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Planning & Schedule Management

Organizing Strategies: Notice The Problem And Change The Story

By March 10, 202410 Comments
A sign next to a clip board. The sign says: keep Life Simple

Have you ever noticed that, all of a sudden, the waist of your pants is too tight? What am I thinking? Of course you have! How about that parched feeling – the feeling that you could drink a gallon of water and still be thirsty? These are both indicators that we’ve waited too long to do the thing we know we should. In the first example, we should be sticking to a healthier way of eating to maintain our ideal weight. The second example highlights the crux of this post: by the time you realize it’s a problem, it’s too late. By the time you notice that you’re thirsty, you are already dehydrated.  What can we do to notice the problem and change the story for ourselves?

Dr. Ari Tuckman was talking about sleep and being sleep deprived when he made that remark during the 2024 ICD Half-Day Virtual Conference Shining a Spotlight on ADHD.

I’ve been mulling over this concept for the past couple of weeks and thinking about some of the ways it applies to life and specifically to organizing. Plus, I’ve been thinking about strategies to change the story.


When we take the time to plan our day, week, or month we know what we want to happen. This is not to say that it will but if we have a plan in place, we have flexibility. When the unexpected happens, and you know it will, we know what we can juggle.

If we do not have a plan in place, we are constantly reacting to what life tosses our way. Without a plan we are like a boat without a rudder. We drift aimlessly through our day, getting to things when we get to them – or not.

By the time you realize you should have:

Planned to save money for a vacation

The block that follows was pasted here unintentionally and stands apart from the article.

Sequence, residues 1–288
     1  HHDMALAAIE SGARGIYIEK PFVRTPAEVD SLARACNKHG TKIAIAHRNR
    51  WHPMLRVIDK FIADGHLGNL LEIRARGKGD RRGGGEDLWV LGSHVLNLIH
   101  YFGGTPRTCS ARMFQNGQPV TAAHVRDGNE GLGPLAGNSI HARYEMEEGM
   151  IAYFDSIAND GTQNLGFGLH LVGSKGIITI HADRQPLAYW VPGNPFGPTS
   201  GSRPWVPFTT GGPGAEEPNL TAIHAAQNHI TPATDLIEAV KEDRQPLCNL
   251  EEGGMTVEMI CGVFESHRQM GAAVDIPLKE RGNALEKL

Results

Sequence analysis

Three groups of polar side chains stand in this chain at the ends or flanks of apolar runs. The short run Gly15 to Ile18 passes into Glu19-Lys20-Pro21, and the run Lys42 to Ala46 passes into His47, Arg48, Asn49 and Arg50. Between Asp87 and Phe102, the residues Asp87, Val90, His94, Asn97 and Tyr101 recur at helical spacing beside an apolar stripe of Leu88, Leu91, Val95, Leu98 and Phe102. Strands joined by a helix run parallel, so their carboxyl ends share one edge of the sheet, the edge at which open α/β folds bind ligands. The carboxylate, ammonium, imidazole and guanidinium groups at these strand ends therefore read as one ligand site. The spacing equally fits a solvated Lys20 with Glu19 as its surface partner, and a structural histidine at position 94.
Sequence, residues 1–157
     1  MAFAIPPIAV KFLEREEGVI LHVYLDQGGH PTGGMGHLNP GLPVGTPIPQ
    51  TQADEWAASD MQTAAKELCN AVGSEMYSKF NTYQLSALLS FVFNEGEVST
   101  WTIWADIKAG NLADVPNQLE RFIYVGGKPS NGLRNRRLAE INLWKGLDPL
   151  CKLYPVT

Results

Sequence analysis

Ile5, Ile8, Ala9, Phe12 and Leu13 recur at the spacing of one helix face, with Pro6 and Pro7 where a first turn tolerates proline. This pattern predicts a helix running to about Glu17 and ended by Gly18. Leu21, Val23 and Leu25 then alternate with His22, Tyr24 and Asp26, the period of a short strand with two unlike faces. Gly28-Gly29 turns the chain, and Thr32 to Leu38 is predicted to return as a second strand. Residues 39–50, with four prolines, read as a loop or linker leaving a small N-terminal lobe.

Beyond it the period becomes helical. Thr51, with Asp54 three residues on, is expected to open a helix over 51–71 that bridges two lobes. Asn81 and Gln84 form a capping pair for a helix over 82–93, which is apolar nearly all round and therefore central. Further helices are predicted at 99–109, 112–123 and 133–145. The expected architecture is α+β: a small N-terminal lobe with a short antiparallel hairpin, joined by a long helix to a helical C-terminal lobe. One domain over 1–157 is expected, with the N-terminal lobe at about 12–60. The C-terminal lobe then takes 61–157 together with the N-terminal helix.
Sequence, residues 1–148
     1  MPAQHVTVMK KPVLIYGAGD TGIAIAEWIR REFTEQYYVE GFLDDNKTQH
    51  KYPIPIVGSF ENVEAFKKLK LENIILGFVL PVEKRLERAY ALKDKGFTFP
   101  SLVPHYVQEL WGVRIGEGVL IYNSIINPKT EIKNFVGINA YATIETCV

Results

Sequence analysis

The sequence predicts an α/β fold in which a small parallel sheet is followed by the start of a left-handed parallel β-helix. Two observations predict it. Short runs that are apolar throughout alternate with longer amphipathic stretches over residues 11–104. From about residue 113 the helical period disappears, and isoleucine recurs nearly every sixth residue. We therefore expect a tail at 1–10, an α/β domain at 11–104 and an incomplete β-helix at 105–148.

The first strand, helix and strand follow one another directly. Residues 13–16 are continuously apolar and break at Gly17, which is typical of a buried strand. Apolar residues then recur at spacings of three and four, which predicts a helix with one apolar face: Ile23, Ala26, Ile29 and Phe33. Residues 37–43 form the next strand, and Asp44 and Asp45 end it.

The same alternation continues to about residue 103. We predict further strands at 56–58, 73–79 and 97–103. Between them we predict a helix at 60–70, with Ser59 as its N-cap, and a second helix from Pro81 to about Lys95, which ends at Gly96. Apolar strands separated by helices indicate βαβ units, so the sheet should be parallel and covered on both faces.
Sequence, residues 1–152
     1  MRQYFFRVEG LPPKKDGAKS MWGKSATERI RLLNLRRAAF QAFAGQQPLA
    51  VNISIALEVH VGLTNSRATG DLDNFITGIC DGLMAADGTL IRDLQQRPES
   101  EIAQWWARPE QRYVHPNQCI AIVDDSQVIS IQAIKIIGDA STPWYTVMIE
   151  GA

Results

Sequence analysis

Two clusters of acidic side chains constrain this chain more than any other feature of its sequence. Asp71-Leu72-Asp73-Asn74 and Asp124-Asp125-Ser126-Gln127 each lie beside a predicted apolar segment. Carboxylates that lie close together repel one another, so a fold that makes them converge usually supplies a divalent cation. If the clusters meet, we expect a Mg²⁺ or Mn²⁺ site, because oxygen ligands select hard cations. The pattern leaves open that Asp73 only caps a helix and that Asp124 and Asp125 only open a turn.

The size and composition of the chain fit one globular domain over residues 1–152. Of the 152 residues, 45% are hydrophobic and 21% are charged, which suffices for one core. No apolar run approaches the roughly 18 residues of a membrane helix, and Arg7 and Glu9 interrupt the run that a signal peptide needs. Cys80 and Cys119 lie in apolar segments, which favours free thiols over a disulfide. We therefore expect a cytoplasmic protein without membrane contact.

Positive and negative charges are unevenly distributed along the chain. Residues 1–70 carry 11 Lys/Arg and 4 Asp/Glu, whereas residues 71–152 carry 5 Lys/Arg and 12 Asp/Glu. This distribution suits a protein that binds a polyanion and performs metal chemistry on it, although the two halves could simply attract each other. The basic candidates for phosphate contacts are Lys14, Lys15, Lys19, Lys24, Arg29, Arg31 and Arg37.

Made your car, plane, hotel reservations in advance

Planned to visit friends and family

Decided to get work done in advance

Been eating healthy meals

Planned to get to sleep early enough

(and you can add more, I’m sure)… it’s too late. The opportunity has passed. Can we do better? Of course we can.

Everyday offers a new opportunity to change the story.


Some people think that planning and scheduling create a tendency to be rigid. I continue to believe that planning and scheduling give the gift of flexibility. As I already said, when you know what the plan is, you know what you can juggle.

If you schedule chores during the week, you can be confident that by the end of the week all your chores will be done. Because you know what chores you have scheduled on which day you can opt not to do your chores on a specific day and double up on the next day.

Let’s say you have a huge project you want to do and that it’s too much to tackle at once. When you schedule the steps of the project, you have better control over when the project will be completed. Plus, you reduce your stress because you’re not overwhelmed just thinking about getting this project done.

If you do not plan to get chores done or schedule the steps of a project by the time you realize you should have done so, it’s too late.


What about clutter? My friend, business partner, and fellow professional organizer, Jonda Beattie just posted a blog about clutter blindness. Clutter doesn’t come into our homes as clutter. It arrives innocently.

It may be a gift we didn’t want that sits around on a table, on a shelf, or in a closet taking up valuable real estate because we don’t know what to do with it.